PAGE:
The federal government's indictment last month of three Columbia/HCA Healthcare Corp. executives should serve as a wake-up call to every healthcare provider filing a Medicare cost report.
Those annual cost reports now appear to be one of the weapons the government will be wielding in its prosecution of Medicare fraud and abuse. Finance experts said the indictment handed up against Columbia's executives could be the tip of the litigation iceberg.
HHS Inspector General June Gibbs Brown has told the inspector general's office to specifically target Medicare cost reports in its criminal investigation of Columbia, HHS spokeswoman Judy Holtz said. But Holtz added that she is not aware of any HHS initiative targeting cost-report fraud by other providers. "If things come to our attention, we'll certainly pursue that," she added.
Linda Ruiz, director of HCFA's program integrity group, said the agency conducts a full audit or focused audit on 10% of all the cost reports it reviews annually. When it finds evidence of fraud, those cases are turned over to the inspector general. Generally, the cost report is not that helpful in finding hospital fraud, she said, because so much Medicare reimbursement is paid prospectively.
But reimbursement experts contend the healthcare industry need only look at the government's handling of the Columbia case for evidence that they could be next in line.
In a press release accompanying last month's five-count indictment of the Columbia executives, Charles Wilson, the U.S. attorney in South Florida, called the case "an important part of my office's commitment to fight against alleged fraud and abuse in our healthcare system." He said the prosecution of such cases "is the top white-collar crime priority of this office, as well as a top priority of the Department of Justice as a whole."
Ruiz wouldn't comment on government involvement in the Columbia case.
As part of that case, federal authorities have zeroed in on cost reports filed by the company's Port Charlotte, Fla.-based Fawcett Memorial Hospital. The indictment charges executives with knowingly overstating the amount of interest on capital expenditures that the hospital was entitled to claim. It further contends they failed to disclose an auditing error and continued claiming interest expenses improperly.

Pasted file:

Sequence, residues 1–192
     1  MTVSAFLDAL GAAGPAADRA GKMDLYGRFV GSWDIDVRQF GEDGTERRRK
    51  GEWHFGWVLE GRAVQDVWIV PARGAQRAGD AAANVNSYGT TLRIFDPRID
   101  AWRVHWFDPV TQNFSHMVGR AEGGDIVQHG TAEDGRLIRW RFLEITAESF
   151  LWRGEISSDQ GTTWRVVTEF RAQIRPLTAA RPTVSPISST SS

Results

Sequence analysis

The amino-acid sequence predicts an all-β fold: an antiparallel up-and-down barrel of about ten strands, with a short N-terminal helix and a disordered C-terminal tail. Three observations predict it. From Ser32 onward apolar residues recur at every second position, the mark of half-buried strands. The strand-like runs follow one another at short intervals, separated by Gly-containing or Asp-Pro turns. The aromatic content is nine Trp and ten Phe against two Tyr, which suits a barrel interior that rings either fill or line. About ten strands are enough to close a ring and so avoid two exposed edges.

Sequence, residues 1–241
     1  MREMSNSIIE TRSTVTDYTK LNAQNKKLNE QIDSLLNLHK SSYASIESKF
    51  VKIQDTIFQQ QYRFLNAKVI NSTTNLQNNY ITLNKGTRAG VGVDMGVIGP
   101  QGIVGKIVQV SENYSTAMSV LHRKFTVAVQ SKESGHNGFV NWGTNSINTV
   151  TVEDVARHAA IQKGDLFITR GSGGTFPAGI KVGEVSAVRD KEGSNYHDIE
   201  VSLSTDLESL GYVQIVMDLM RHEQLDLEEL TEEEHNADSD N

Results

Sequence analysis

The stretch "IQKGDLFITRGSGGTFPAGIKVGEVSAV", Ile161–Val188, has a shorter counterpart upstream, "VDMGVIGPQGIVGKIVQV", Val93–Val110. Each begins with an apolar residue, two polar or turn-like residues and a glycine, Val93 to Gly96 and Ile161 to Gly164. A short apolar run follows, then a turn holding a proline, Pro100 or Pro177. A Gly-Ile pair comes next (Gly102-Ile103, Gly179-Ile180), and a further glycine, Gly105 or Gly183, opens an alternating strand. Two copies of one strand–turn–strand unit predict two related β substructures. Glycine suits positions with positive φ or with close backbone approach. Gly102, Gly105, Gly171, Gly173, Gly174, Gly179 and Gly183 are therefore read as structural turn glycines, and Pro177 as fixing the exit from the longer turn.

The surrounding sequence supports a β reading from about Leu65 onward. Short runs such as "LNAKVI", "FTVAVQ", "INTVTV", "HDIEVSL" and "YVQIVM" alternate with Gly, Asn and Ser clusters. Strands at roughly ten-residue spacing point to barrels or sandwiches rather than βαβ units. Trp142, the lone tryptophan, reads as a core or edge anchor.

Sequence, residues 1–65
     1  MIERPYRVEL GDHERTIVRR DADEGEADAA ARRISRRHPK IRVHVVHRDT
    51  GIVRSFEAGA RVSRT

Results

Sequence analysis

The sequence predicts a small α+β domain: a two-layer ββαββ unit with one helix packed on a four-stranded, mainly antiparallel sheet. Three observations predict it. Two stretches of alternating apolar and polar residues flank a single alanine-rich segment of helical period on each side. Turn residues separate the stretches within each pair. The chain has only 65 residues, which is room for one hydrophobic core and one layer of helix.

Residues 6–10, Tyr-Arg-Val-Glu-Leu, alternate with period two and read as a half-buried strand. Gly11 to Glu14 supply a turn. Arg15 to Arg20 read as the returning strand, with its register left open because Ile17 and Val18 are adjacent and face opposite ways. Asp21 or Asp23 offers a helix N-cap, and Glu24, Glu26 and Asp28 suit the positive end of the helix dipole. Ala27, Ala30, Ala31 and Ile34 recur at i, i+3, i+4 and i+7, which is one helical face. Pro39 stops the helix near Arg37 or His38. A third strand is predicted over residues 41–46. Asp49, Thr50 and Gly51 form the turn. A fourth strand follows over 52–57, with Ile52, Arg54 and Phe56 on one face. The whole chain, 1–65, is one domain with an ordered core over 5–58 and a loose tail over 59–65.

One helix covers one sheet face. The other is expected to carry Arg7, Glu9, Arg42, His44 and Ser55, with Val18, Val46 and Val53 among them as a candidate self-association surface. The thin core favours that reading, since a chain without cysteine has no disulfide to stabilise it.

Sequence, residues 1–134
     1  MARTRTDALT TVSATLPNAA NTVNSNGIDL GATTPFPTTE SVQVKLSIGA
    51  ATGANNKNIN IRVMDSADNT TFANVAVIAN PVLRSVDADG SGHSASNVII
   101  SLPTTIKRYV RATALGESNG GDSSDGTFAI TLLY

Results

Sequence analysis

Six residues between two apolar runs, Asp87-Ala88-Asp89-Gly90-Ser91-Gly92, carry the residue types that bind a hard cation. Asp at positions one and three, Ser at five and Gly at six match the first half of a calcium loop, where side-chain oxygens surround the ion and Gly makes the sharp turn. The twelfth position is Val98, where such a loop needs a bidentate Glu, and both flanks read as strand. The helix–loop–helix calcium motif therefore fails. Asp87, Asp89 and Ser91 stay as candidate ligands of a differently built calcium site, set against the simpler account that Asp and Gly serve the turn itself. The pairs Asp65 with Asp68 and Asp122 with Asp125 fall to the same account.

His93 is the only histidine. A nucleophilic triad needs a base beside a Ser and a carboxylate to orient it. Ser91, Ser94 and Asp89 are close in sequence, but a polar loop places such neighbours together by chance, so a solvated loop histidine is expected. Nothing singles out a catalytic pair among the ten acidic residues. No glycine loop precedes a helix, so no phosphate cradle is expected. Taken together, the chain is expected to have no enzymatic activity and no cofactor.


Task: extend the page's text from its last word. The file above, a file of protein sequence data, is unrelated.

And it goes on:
As part of the alleged conspiracy, the government says defendants engaged in certain illegal acts, which are briefly outlined in the indictment. It says, for example, that Robert W. Whiteside, director of reimbursement at the company's Nash-ville headquarters, "participated in a discussion about `reserve' monies being set aside on the Fawcett interest issue."
Reimbursement consultants said it is common practice for hospitals and healthcare providers to set aside reserves on cost items that might be contested by HCFA. To do otherwise, they said, would be fiscally imprudent. Taking a conservative approach and not recording payments before they are received are basic tenets of financial reporting under generally accepted accounting principles.
It also is common, experts said, to keep more than one set of cost reports. The version submitted to HCFA's fiscal intermediary may include costs that the government may not allow. But it is within providers' right to seek reimbursement for those items if they can prove the costs are covered under Medicare. A second cost report containing more conservative estimates may be kept in house.
"There are lots of gray areas in Medicare, and there's lots of room for very honest differences of opinion," explained Ronald Sutter, a partner in the Washington law firm of Powers Pyles Sutter & Verville, who has represented providers in numerous legal challenges of cost report items.
As part of a reorganization plan disclosed last week, Columbia said it would apprise the government of differences between two sets of reports.
Observers fear providers suddenly are being held to new standards, making legitimate accounting practices seem underhanded. "What has happened is the FBI's involvement in this initiative has resulted in lines getting redrawn," said a reimbursement consultant who, fearing reprisal by government officials, spoke on the condition of anonymity. "I don't doubt there are fraudulent people out there, but that's not to be mistaken for someone who does a reserve cost report just so they can keep their books in a conservative fashion."